When it comes to concept albums, Architects leader Brandon Phillips considers himself to be a big fan.
“I like grandiose ambitions,” he says. “I like it when rock can reach beyond the [parameters of] three minutes and 30 seconds. But a lot of times, it does kind of end up a bit bloated and sort of antithetical to rock ’n’ roll and pop music.”
As he worked on Border Wars, his Missouri-based band’s thematic, 30-plus song project that will be spread across five graphic novels (illustrated by Mallory Dorn), Phillips focused on “those who have done it right.”
“What I wanted was more along the lines of Purple Rain and Streets of Fire,” Phillips adds.
The characters at the center of Border Wars are Tom, the son of a wealthy televangelist minister, and Josie, a runaway who’s working for a methamphetamine cooker. The first episode of the comic and its accompanying six songs will be self-released by the band on July 16.
In late June, Phillips checked in to talk about his approach to creating Border Wars, writing music within a self-imposed framework and the plans for releasing Episodes 2 through 5.
Medleyville.us: In the introduction to the first episode of the Border Wars comic, you recap when and how the inspiration struck to begin this project. After that, what went into the marriage of the music and the visuals? Did you write the songs first, then present the music and the lyrics to Mallory so she could illustrate the story? Or were you working simultaneously and offering each other suggestions along the way?
Brandon Phillips: “The way it worked is I kinda started with a handful of songs and a general idea, and then I kept turning the idea over in my head while we were on tour. I’m the overnight driver, so I get to have a lot of quiet time on the road (laughs). So I kept turning it over and over in my head and decided that when we would get home, I was going to sit down and try to write the screenplay. Initially, my thinking was, ‘OK, I’m going into this treating it like a film.’
“So we came home from touring, and I wrote the screenplay. I spent the whole summer [of 2012] writing and rewriting and tweaking it, and then I went and found Mallory. So I basically brought the finished story to her and said, ‘I’m going to figure out how to break this up into five episodes, so I’ll do one more rewrite in order to break it up.’
“I tried to keep the songs loose. … I wanted to write Quadrophenia, not Tommy (laughs). I didn’t want to have specific character songs or have too many character songs that were too dependent on the comic. I wanted songs where you can definitely enjoy the entire package, and you should enjoy the entire package, but if all you ever heard was this one song on the radio, you can still enjoy it without having the context of the comic.”
What did you like or dislike about writing songs within this type of framework?
Phillips: “I really enjoy writing songs with this kind of framework. The last three Architects records have all had a loose framework that maybe only existed in my notebook or in my head. We didn’t take pains to describe that framework to anybody who was ever going to hear the record — we just knew it was there. And it just kind of helped us to have an organizing principle to write the record around.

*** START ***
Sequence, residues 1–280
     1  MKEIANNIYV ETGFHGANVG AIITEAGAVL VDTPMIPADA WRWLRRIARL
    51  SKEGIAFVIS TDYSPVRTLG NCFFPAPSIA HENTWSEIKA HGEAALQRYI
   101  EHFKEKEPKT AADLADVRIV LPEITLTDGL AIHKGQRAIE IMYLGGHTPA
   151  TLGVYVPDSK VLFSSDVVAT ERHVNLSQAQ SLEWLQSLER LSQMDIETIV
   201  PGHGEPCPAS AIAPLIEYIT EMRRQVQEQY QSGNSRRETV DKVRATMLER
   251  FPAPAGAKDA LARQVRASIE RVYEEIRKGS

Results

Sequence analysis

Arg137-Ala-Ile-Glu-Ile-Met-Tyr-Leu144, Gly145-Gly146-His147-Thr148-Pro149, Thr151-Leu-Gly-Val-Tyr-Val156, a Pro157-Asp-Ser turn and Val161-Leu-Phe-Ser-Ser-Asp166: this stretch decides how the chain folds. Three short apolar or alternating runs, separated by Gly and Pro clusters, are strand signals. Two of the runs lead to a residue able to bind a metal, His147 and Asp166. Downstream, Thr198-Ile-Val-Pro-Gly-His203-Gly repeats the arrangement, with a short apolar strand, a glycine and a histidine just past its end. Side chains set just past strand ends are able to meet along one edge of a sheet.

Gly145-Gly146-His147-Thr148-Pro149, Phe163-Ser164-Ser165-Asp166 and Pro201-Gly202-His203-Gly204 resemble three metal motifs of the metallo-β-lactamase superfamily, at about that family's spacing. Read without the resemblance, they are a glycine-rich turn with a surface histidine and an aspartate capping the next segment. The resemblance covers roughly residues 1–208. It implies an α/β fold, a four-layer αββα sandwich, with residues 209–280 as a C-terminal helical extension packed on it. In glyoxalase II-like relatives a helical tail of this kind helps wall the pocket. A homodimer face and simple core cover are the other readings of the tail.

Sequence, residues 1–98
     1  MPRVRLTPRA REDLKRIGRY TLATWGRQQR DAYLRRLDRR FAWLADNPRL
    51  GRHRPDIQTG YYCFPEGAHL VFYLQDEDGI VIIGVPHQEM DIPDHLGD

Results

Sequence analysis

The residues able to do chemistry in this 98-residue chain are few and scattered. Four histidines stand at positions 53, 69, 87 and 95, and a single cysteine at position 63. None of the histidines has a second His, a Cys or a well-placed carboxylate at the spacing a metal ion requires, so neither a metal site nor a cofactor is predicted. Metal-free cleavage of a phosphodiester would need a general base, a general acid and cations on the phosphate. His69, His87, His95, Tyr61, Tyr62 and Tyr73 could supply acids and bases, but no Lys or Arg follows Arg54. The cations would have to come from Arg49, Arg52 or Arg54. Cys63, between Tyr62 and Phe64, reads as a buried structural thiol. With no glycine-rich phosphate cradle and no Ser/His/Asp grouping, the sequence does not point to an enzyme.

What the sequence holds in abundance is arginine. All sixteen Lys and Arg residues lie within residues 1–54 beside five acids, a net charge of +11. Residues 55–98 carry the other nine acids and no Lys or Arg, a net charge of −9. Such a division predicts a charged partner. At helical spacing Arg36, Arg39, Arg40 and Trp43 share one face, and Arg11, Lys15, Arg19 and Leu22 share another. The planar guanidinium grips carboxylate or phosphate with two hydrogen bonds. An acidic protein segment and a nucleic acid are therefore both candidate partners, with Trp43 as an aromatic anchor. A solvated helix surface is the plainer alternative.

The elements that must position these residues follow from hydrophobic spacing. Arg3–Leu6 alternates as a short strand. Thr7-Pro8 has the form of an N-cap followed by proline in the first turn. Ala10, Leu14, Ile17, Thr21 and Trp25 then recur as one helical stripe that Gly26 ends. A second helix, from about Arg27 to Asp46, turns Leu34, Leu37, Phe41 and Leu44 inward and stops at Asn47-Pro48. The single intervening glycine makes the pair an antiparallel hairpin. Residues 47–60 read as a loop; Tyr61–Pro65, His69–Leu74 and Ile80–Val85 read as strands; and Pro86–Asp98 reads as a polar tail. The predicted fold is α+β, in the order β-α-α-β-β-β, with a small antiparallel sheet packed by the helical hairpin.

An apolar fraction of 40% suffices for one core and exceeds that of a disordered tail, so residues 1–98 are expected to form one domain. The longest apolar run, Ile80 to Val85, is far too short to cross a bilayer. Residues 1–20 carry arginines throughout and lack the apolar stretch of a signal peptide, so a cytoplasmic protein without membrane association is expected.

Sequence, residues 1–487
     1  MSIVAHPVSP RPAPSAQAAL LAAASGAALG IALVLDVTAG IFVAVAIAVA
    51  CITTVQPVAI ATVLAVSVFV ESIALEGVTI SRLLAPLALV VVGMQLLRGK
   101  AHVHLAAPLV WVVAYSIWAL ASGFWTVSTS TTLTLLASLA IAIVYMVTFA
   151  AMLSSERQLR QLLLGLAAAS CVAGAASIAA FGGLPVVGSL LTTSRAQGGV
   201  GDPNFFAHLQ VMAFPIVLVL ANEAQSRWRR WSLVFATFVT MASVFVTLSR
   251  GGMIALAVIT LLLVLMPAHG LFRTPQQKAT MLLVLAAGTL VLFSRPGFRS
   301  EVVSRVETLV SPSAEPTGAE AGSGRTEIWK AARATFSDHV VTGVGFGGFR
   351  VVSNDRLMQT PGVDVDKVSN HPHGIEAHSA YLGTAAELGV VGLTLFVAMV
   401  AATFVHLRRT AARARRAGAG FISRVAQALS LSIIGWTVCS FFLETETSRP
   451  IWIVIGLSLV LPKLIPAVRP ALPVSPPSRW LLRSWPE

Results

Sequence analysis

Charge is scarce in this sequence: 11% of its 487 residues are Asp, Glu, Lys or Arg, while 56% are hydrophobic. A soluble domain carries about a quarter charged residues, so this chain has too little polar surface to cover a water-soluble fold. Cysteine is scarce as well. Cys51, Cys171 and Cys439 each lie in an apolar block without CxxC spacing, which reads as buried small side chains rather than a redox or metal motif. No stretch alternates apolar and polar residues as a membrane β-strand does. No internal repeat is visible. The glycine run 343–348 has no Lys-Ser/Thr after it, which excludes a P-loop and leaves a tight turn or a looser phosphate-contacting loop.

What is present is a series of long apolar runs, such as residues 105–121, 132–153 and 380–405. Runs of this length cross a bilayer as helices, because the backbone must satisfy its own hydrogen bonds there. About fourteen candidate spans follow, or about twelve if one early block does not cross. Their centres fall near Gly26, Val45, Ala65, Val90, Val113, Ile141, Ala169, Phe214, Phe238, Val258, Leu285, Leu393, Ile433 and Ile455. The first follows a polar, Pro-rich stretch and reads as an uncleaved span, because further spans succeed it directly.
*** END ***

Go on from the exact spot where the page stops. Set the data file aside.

“I really like doing that; I like the fact that it sets some limits for you. You put up the fence and then you figure out where to build the house and where to put the garage. It keeps you from sprawling out.”
There’s a list of “funders” thanked at the end of Episode 1. Did you use Kickstarter or some other crowd-sourcing avenue to generate the money you needed for this project?
Phillips: “We did an Indie Gogo campaign to generate the money that we needed to actually manufacture hard copies of the comic and start the wheels of publicity. The campaign was just for Border Wars Episode 1. It’s our hope that we’ll just take any and all dollars that we get from Episode 1 and dump them right into Episode 2 and create this self-sustaining thing.”
Have you been — or will you be — incorporating any of the visual elements from the graphic novels into the band’s shows?
Phillips: “That is so hard, and I have thought about that a lot: ‘How can we possibly do this?’ It would be so cool. A DIY comic book is possible, but a DIY stage show that incorporates the comic book is so much harder. I would love to find a way to do it, but I haven’t figured it out yet. Some of that is probably because I’m so used to throw-and-go kind of shows: ‘What else do I need? I’m up here, there are amps and there are kids in front of me.’ I should probably open my imagination up to some other way of doing it.”
Have Episodes 2 through 5 of Border Wars all been recorded and illustrated? And what’s the timetable for their releases?
Phillips: “The timetable is — we’re saying loosely quarterly. We’re expecting to do a new episode every quarter or so. And we’re being kind of loose about it because not only have we never done this before, but I don’t know anybody who’s done this before. So there are not a lot of guidelines here.
“For Episodes 2 through 5, all of the music is recorded. We’re going through and sweetening each episode’s songs as needed and sending them off to get mixed. All of the illustration for Episode 2 is happening now. Poor Mallory is going to be working with a gun to the back of her head until this whole thing is done, so I feel for her. But whatever, she said she’d do it (laughs).”
— Introduction and interview by Chris M. Junior
* From the Medleyville.us archives
A SOLID FOUNDATION: Architects singer Brandon Phillips embraces songwriting basics (June 2008)